If the so called “bankruptcy mills” were to the legal sector what their industrial forebears were to the productive industries, then veteran lawyers would have no basis for complaint. Mills and factories made production of consumer goods cheaper, faster, and more accessible, and provided jobs to legions of unskilled rural peasants – suddenly, almost everyone could have off-the-rack clothing, factory made furniture, and the other staples of the modern comfortable life.
So what’s the matter with a large firm bankruptcy mill that churns out inexpensive boiler plate bankruptcies and employs legions of questionably-able lawyers?
It’s a simple case of getting what you pay for. And since each bankruptcy case is unique and no two individuals have the same financial history or legal needs, what you get is often a mass-produced solution that may or may not actually address the individual’s needs.
Many of these large operations are law firms in name alone. Working on a volume model of business, they aim to rope in as many clients as possible, using TV spots and highway billboards to advertise unbelievably low rates and too-good-to-be-true promises of economic salvation and legal recovery.
But there are several downsides. Since the large bankruptcy mills do not function like normal law firms, clients often have little contact with their appointed attorney. Lawyers from these massive firms struggle to try to find their clients at creditors meetings or court hearings. If one-on-one contact with an attorney is a high priority, then the mill model of bankruptcy law probably won’t satisfy. We urge consumers not to underestimate the importance of having regular and respectful contact with their lawyers. It’s a sad state of affairs when clients come to us complaining that their previous attorneys were disrespectful or uncaring – but sadly this happens all too often.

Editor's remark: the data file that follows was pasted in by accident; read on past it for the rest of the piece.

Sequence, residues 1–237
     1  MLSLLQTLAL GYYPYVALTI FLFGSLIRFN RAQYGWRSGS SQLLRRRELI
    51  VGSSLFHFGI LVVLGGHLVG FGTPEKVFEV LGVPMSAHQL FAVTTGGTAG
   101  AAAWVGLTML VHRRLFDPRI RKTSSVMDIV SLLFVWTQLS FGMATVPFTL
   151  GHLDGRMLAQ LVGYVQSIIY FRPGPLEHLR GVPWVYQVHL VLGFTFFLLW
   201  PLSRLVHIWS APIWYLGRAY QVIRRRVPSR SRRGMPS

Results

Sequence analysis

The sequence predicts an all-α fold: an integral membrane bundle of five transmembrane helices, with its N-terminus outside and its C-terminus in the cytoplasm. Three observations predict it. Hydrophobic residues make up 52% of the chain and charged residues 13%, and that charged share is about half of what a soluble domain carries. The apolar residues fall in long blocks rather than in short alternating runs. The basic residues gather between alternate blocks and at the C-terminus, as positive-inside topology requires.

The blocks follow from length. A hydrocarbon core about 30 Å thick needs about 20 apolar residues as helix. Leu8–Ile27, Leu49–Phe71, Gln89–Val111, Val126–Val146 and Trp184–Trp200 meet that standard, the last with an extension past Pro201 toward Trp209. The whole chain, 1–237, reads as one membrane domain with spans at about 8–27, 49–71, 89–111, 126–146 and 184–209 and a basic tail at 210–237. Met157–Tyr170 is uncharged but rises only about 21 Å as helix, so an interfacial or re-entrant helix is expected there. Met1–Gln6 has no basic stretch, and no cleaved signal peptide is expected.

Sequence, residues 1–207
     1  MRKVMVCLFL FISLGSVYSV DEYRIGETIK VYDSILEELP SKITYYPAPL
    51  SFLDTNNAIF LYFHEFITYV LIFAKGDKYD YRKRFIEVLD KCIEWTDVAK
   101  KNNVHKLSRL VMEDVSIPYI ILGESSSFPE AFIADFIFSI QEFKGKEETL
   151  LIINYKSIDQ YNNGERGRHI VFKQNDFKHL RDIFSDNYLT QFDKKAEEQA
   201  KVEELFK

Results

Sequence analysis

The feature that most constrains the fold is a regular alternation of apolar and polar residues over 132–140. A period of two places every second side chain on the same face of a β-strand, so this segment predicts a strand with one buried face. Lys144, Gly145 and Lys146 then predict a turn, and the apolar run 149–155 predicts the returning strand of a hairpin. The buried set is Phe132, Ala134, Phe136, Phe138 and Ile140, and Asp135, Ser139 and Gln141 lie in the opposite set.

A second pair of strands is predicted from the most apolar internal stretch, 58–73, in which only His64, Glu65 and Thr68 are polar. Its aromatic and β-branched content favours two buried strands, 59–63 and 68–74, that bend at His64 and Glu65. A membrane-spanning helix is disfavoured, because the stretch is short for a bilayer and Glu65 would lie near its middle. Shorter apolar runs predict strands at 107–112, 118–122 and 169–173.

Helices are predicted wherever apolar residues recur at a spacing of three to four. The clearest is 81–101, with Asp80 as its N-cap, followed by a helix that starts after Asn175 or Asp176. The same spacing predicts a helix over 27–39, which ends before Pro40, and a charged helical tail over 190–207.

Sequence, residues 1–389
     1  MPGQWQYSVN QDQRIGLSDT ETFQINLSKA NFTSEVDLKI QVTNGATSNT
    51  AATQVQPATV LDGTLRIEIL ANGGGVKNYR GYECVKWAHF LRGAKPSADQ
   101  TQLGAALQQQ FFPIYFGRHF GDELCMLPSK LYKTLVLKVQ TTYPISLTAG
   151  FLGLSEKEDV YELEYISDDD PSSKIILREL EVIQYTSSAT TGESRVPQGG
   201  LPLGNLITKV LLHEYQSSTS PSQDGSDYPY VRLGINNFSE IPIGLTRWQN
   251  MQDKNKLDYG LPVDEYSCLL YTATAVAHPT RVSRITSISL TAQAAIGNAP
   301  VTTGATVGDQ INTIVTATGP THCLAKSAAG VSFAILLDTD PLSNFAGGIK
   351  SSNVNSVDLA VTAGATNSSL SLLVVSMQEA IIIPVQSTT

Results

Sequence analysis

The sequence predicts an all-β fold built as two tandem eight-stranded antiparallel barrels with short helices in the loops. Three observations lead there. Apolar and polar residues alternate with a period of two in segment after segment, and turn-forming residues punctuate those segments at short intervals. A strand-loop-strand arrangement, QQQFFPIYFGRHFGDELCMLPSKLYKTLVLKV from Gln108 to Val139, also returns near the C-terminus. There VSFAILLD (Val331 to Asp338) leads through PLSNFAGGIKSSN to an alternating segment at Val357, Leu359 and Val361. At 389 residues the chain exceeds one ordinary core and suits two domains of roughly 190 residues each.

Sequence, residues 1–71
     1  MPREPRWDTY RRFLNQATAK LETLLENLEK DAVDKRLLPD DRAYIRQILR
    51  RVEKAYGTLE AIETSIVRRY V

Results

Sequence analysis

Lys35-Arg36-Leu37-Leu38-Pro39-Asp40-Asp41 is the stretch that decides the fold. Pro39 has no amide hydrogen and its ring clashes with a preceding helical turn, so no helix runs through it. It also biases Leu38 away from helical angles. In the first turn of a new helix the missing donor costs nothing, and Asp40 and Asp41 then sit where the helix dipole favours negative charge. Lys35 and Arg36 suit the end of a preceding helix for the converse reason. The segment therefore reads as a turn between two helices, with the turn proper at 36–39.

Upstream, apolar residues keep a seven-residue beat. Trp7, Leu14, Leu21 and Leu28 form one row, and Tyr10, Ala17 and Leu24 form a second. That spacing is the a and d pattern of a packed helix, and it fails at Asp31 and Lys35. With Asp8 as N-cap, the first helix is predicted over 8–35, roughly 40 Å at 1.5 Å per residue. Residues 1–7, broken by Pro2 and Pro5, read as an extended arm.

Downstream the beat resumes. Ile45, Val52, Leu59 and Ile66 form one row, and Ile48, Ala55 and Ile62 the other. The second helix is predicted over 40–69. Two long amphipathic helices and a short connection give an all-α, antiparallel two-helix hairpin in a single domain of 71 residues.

Another problem with “bargain basement” bankruptcy firms is that they often provide a la carte style services. While they may advertise bankruptcy filings for only $400, you’ll usually get only bare bones service for this price. It costs more to get comprehensive representation, and clients are often left disaffected by having to pay far more than they’d initially thought.